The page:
Researchers at UNO discovered a way to reduce the energy people spend walking by as much as half, which could have implications for patient therapy practices.
The study was published in the prestigious journal Science Robotics and was led by Philippe Malcolm, assistant professor in biomechanics at UNO. The study marks a new milestone for high-impact institutional research.
The research found that a strategically timed pull from a waist belt connected to a pulley can help someone use less energy for each step while walking. But it was the timing of that forward pull that came as a surprise.
“When we walk, there is a short period between steps where one foot is stopping its forward motion while the other is preparing to accelerate to take the next step forward,” Malcom said. “Our research shows that this brief window where both feet are on the ground is the best time to apply force to assist walking most efficiently.’
The device is operated by timed pulls from a motorized pulley while an individual walks on a treadmill. It is relatively easy to make individualized adjustments, since it only requires wearing a waist belt.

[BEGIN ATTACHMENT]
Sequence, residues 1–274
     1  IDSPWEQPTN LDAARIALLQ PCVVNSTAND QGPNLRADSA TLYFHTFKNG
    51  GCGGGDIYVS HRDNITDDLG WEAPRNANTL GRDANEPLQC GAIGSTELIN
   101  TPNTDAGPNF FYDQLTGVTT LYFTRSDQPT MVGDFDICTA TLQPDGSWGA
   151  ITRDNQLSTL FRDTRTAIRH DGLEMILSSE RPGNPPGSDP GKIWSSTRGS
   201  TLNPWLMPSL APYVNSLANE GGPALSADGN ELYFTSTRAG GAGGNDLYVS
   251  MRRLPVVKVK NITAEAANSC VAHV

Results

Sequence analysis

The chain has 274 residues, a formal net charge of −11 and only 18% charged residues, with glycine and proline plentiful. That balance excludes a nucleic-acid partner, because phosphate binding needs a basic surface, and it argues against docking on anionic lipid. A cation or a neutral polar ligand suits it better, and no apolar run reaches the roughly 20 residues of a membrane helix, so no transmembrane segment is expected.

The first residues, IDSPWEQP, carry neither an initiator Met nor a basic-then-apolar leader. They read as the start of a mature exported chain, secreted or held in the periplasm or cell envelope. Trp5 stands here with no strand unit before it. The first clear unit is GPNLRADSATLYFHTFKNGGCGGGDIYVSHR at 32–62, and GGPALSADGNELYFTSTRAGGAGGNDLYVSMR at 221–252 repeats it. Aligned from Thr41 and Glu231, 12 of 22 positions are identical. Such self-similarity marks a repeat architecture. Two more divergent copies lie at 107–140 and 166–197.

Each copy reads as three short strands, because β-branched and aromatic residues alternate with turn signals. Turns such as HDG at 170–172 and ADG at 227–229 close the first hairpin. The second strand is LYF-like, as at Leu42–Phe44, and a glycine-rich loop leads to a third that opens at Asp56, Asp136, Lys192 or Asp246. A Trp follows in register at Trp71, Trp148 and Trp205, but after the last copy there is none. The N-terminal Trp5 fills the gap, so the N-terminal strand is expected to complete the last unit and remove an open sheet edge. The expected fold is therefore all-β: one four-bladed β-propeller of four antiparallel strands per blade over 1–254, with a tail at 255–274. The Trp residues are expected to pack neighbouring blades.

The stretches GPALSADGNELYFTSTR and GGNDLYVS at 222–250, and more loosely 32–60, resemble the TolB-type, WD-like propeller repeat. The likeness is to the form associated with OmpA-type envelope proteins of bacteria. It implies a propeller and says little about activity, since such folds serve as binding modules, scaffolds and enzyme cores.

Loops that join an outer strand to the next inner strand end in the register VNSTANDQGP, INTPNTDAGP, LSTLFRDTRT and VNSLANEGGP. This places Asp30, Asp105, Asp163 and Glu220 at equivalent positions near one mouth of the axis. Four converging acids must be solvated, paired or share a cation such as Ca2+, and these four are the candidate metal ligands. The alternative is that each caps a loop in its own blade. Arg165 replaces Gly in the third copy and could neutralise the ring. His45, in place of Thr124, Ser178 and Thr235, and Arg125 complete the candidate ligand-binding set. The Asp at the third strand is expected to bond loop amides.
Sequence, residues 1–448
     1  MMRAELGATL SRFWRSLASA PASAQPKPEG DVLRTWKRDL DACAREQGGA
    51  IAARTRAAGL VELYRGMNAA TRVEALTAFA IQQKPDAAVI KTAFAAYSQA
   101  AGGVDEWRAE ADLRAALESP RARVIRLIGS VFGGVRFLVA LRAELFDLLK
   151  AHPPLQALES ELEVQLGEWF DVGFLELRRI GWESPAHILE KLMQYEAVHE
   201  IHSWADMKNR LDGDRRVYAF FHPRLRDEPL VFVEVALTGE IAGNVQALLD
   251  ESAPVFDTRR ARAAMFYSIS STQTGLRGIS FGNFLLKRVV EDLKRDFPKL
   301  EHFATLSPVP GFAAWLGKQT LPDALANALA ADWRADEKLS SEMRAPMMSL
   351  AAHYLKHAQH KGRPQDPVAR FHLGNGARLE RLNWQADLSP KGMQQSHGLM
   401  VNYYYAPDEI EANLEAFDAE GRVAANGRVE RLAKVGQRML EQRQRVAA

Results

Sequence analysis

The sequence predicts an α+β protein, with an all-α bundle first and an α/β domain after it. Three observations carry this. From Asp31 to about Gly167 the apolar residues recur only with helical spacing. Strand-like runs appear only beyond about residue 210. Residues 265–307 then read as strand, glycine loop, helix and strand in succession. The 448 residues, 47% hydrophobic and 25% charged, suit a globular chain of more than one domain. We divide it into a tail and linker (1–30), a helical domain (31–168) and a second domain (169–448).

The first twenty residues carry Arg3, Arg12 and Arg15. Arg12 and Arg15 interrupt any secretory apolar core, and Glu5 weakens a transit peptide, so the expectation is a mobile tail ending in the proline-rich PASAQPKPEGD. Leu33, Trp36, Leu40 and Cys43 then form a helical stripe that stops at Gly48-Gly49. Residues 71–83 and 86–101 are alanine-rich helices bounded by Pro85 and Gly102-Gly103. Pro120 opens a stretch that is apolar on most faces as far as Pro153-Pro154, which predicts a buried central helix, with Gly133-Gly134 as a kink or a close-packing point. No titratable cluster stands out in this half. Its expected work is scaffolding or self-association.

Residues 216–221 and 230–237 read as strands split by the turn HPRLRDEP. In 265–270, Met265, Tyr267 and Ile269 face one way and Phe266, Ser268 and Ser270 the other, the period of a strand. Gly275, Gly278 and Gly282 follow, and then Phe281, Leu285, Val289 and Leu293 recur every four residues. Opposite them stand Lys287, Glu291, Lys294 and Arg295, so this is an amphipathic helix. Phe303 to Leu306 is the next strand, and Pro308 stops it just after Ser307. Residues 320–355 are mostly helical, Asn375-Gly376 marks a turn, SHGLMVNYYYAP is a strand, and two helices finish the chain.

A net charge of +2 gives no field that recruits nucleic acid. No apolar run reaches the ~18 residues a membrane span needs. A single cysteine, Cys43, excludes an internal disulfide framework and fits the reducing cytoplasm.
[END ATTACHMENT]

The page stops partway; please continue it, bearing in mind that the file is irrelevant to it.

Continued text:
The findings could have applications for exercise therapists in clinical settings who can provide care for patients with conditions like peripheral artery disease. Iraklis Pipinos, a vascular surgeon at UNMC, collaborated on the study and sees the benefits of this research.
“My patients have hardening of their arteries causing problems in the circulation to their legs, resulting in leg pain and reduced mobility,” Pipinos said. “I was touched to hear that certain patients felt relief in their legs for the first time when they tried the device. We are now thinking of ways these methods can be used in everyday practice, for example, by using systems for assisted walking exercise therapy at physical therapy clinics.”